Reducing transmission of HIV in crisis

SPRINT made its first marks in Africa last year when we delivered HIV-related services.

Paul Gimson, Director of International Planned Parenthood Federation's SPRINT Initiative, talks on how SPRINT delivers its services to reduce transmission of HIV.

IPPF is at the International Aids Conference and presenting SPRINT at a Scientific Development Workshop today.

Emergency or crisis by definition is a sudden and usually unforeseen event that calls for immediate measures to minimize its adverse consequences

Reproductive health services are often neglected or ignored in humanitarian emergencies, a time when services are most needed yet are not prioritised or recognised by key humanitarian responders.  For many women and girls, this would mean the difference between life and death. 

Established in 2007 and supported by the Australian Government, the SPRINT Initiative (Sexual and Reproductive Health (SRH) Programme in Crisis and Post-Crisis Situations) ensures access to essential lifesaving SRH services for women, men and children in times of crises.

We found that one of the main gaps of Reproductive Health components in emergencies is the prevention of mother-to-child transmission of HIV. SPRINT actually has been working to ensure the establishment of referral systems for pregnant women to have access to PMTCT (Prevention Mother to Child Transmission) treatment in crisis and post crisis settings in all regions which is Africa, South Asia and East and South East Asia and Oceania as this activity is one of the main objectives outlined in MISP (Minimum Initial Service Package) in SPRINT.

MISP for Reproductive Health is a priority set of life-saving activities to be implemented at the onset of every humanitarian crisis. SPRINT has benchmarked MISP with international standard set by the SPHERE humanitarian charter, the IASC (Inter Agency Standing Committee) Health Cluster Guide and CERF life-saving criteria and incorporated the component for HIV-STI Interventions under Objective 3 in MISP- Reducing Transmission of HIV. This includes ensuring a safe and rational blood transfusion is in place, standard precautions are practiced and making available free condoms (male and female).

Looking back on my trips to Africa and feedbacks from in-country partners on SPRINT, I feel a sense of fulfilment knowing that SPRINT is reaching its goals in almost all our emergency responses in the Africa region particularly in Uganda, Central African Region, Ethiopia and Kenya.

SPRINT made its first marks in Africa last year when we delivered HIV-related services. We managed to find and train a community resource person on HIV case management, we succeeded in assisting to equip the health service center or outreach to practice standard precautions in HIV interventions. We also have done numerous HIV testing and counselling services. Other activities that have been part of MISP are the treatment of STI and HIV, awareness campaign on HIV/STI, also Gender Based Violence- HIV issues and provision ofmale and female condoms.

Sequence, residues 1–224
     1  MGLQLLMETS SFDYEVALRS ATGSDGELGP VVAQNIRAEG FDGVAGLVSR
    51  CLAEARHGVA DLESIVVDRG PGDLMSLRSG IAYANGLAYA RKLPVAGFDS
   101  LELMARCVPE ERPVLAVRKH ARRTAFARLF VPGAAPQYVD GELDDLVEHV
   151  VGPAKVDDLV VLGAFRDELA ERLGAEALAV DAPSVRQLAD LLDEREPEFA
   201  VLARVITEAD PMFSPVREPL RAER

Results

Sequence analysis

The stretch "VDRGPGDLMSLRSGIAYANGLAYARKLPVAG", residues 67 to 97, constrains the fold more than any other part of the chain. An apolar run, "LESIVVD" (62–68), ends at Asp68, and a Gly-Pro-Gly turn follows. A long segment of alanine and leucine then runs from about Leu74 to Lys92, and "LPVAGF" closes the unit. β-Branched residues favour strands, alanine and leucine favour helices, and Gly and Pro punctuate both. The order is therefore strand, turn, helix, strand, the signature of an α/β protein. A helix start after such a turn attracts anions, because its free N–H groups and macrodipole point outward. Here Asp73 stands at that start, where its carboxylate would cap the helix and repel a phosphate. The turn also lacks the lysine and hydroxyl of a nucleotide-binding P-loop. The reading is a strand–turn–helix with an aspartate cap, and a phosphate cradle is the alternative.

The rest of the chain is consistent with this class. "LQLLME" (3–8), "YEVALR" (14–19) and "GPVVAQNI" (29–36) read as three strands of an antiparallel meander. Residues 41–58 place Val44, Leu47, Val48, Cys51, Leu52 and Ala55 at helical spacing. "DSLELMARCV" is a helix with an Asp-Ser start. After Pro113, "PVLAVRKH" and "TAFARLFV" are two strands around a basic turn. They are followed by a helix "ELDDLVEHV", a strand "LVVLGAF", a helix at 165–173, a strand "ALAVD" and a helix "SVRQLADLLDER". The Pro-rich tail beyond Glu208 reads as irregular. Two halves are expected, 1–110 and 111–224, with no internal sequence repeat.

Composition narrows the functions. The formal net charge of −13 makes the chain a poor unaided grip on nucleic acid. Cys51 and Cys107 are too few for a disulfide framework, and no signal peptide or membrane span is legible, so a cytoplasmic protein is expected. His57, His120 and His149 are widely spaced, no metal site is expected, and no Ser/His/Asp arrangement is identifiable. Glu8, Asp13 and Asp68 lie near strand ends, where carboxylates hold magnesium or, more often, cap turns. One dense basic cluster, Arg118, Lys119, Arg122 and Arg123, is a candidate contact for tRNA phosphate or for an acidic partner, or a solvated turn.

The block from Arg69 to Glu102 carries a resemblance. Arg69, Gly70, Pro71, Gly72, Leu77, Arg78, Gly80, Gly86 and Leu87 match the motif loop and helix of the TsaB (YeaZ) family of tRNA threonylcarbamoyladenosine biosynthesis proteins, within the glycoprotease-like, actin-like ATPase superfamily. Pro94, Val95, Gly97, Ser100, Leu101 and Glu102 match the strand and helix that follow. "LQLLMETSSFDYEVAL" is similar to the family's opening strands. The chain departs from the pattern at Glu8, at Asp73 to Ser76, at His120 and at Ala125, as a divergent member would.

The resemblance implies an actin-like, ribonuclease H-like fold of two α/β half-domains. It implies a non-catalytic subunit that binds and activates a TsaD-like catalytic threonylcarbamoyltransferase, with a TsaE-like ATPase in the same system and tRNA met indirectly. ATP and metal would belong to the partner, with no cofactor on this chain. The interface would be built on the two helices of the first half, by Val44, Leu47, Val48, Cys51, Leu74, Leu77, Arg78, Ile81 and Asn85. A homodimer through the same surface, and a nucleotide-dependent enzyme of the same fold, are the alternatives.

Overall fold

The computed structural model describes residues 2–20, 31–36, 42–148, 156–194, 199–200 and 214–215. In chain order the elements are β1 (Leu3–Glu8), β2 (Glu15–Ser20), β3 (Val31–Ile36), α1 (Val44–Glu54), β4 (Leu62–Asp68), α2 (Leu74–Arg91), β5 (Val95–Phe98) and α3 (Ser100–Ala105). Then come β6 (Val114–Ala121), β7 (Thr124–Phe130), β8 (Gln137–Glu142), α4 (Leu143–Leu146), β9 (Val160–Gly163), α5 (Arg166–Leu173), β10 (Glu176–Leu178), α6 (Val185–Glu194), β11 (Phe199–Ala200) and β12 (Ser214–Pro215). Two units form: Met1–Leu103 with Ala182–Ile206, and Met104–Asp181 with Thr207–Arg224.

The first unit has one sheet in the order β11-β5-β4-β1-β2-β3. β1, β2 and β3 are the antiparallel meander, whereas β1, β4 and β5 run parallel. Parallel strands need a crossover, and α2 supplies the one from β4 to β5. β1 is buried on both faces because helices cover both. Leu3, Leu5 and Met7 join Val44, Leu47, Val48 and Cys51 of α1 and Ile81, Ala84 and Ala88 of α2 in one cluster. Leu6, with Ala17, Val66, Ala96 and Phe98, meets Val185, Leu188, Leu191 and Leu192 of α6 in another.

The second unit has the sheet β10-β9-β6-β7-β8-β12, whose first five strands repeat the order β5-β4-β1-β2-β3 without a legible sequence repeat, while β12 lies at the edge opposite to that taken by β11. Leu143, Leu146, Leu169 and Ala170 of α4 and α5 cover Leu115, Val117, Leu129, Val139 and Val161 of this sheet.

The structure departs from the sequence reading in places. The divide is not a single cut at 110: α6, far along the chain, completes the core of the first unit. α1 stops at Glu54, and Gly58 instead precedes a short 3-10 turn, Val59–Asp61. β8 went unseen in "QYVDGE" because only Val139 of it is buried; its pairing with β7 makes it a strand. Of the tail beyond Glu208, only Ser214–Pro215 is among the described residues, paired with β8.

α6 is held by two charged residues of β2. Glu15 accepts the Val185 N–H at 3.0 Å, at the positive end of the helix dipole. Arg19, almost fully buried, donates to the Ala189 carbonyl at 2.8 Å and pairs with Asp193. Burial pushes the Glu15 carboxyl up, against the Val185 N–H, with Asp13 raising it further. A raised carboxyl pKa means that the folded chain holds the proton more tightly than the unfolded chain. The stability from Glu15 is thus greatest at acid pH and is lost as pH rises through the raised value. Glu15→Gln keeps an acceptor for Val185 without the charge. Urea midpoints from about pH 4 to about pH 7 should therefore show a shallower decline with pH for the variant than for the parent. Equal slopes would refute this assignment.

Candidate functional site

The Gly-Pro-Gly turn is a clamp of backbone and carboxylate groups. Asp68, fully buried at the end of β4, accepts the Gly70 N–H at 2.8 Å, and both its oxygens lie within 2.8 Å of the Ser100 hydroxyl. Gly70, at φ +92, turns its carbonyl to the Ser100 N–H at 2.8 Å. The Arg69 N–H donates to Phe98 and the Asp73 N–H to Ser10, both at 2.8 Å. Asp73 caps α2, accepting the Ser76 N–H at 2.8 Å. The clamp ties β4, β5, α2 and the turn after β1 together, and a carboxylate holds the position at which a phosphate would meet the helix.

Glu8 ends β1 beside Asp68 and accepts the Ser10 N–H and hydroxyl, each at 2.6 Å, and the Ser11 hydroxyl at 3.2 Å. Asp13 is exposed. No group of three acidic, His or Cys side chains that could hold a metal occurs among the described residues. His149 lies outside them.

When we responded to tsunami and earthquake in Temotu Province, Solomon Islands in May 2013, we deployed similar HIV-STI interventions activities. I remember hearing many heart-warming stories of SPRINT at work time and one compelling story is Andrew’s, a registered nurse at Lata Hospital in Santa Cruz, Solomon Islands. He was sent by Ministry of Health to work at a clinic that served 3000 affected people in the disaster with no prior experience working in disasters and a little knowledge in SRH.

As part of his job, he had to go for many different camps providing health services. He told our team on how he worked with Solomon Islands Planned Parenthood Association (SIPPA) on health messages about rape and STI/HIV. He told us that many girls were forced to have sex and out of fear, they obliged. These girls then come to Andrew for emergency pills but instead of just pills, he gave them condoms and educated them about STIs and places available in that affected area that they could go for treatment and services.

Another story was from Leslie Sury, a 34-year old MOH nurse who has spent 8 years working at Lata Hospital, Santa Cruz. Leslie had never worked in an emergency response before so during the response Leslie partnered with SIPPA and gave SRH awareness sessions about STIs and other health problems.

Amazingly, she learnt many new things during the crisis such as the pregnancy rate was high, STI cases were also on the rise and teenage pregnancy was increasing. That was how she understood how emergency contraceptive pills worked. And she realized that people in her community didn’t know about family planning and they used use funny names for condoms or when talking about male and female reproductive health systems, she learnt how need to separate men and women so that they were not embarrassed.

SPRINT responded to 11 emergency responses in 2013 and continues to be seen by major stakeholders, donors and governments as a relevant, significant and increasingly important actor in ensuring and improving access to SRH services in crises.

That is the main reason why we are here at this AIDS Conference, so we can share best practice, our experiences and lessons in delivering key results on SPRINT’s objectives.